NAD policy passed

AMS Assembly passes sanctions for groups

The AMS passed the Non-Academic Group Discipline policy yesterday, amid some ambivalence at Assembly on the details of the policy.

Internal Affairs Commissioner Kristen Olver moved the policy to Assembly. In introducing the policy, she noted that it will be complaint-based and that sanctions will be given out by a third-party committee.

“We would never go after somebody,” she said.

The sanctions also can’t be so severe that they cause a group to disband, she said.

Olver received support from the AMS executive, with Vice-President (University Affairs) Thomas Pritchard taking a prominent role in the debate.

If the student group is a faculty society organization, Olver said, four representatives from that faculty, including the faculty society President, will be on the committee to ensure fairness.

Like individual non-academic discipline, she said, everyone running the program will be students, which is preferable to an outside body.

“It’s not an administrator breathing down your neck and telling you that you did something wrong,” she said. “Sanctions are positive. It’s not like we’re saying you’re never going to exist again. The sanctions are not detrimental, they are educational. We’re here to learn from our mistakes,” Olver said. Vice-president of the Nursing Science Society, Hannah Yassine, attempted to pass an amendment to change the definition of hazing in the document. She said it was too vague and could pose as a threat to frosh week activities.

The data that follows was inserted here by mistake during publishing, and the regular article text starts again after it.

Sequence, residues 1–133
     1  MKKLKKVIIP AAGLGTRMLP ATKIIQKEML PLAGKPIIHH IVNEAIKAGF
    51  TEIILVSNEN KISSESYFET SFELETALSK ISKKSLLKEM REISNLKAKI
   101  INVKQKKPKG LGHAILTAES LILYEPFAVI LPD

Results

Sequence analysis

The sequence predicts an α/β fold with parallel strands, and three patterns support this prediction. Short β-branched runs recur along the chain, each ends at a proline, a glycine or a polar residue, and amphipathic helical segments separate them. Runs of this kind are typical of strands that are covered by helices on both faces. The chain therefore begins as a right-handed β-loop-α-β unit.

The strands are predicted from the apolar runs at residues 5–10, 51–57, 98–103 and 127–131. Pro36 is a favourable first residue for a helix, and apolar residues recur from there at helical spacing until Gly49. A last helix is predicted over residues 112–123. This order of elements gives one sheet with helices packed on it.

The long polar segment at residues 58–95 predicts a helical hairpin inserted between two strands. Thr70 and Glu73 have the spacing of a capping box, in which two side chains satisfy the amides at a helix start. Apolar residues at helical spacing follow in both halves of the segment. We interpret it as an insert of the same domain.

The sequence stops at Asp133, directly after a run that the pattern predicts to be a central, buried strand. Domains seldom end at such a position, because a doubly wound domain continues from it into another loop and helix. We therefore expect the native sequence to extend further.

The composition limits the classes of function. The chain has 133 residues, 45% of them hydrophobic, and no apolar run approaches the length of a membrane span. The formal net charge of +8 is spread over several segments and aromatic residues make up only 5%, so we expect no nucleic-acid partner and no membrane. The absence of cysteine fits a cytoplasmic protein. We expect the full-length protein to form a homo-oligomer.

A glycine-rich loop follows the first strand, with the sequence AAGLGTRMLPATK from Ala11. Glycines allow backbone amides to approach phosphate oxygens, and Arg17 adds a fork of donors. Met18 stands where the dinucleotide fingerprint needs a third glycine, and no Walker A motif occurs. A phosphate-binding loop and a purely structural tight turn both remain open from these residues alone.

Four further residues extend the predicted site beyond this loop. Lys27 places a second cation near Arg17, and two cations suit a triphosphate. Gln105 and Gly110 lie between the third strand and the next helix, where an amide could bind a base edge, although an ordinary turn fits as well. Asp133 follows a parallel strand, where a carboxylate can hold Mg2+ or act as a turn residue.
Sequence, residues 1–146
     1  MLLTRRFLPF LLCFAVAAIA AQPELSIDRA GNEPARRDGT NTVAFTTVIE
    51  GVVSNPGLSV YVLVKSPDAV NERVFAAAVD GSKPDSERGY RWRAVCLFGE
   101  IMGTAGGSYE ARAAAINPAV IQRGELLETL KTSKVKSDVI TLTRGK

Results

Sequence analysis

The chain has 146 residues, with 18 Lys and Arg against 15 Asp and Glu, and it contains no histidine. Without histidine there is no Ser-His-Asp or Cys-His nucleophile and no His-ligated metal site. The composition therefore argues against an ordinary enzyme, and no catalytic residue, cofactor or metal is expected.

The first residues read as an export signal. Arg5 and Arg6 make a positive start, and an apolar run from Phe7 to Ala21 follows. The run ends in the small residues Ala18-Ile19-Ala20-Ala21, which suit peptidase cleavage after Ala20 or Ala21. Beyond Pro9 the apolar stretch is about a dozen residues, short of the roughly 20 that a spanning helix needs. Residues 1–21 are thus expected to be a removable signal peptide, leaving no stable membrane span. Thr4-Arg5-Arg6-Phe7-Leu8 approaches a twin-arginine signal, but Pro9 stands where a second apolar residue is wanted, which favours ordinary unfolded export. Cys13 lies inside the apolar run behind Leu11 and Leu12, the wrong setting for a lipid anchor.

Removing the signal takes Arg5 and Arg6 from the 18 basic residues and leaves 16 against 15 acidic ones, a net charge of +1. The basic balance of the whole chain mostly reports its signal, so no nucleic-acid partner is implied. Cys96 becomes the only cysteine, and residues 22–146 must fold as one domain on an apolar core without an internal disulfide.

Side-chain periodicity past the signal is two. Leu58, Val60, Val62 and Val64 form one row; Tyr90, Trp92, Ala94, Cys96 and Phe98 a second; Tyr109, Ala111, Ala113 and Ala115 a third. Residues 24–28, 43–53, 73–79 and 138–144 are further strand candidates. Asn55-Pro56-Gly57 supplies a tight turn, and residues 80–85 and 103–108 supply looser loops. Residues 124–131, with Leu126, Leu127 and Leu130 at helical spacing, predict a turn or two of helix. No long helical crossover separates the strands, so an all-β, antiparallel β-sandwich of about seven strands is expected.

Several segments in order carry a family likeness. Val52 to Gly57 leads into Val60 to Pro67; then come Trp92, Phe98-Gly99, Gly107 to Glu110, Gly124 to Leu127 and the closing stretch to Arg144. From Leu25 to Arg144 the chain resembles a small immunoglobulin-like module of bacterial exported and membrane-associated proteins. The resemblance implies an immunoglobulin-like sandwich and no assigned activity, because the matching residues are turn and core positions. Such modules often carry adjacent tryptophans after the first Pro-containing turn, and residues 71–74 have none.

The document currently defines hazing as “any activity expected of someone joining a group (or to maintain full status in a group) that humiliates, degrades or risks emotional and/or physical harm, regardless of the person’s consent to participate.”

Yassine‘s amendment would have changed the word “expected” to “required” in the document, since fairly harmless frosh events could be considered humiliating despite being optional.

Yassine’s proposed amendment failed to pass.

Alex Marshall, president of the Concurrent Education Student’s Association, addressed the AMS executive by stating that perhaps more conversation was needed about policy.

He stated that the “room was not comfortable with it” and that the policy “possibly requires reform.” Thomas Pritchard, vice-president (university affairs), stated to Assembly that last year’s team looked at the policy extensively, and it should have been passed earlier.

“It needs to go forward tonight,” he said. “We agreed to do group discipline … it was deemed necessary.”

Some students have claimed it violates individual rights by placing blame on a group in its entirety, possibly leading to guilt by association.

Assembly debated on whether an appeal process should be implemented so groups can possibly contest their guilt.

Olver said she wouldn’t be opposed to allowing student groups to appeal NAD’s disciplinary action.

“We would have to create a new body in order for students to appeal this process.

It’s definitely feasible, it would just take a good amount of time,” she said.

Olver said that by stating that it’s possible for groups to contest NAD’s sanctions without the AMS creating an appeal board.

This would be done by attending an open hearing to state their case.

She said that sanctions against a student group shouldn’t be viewed as entirely negative.

Member-at-large Brendan Goodman, ArtSci ’16, said the policy shouldn’t be passed until an appeal body is implemented.

“This can’t be passed tonight if we aren’t completely comfortable with it.

If change is going to take a long time why don’t we get it right the first time?” he said.


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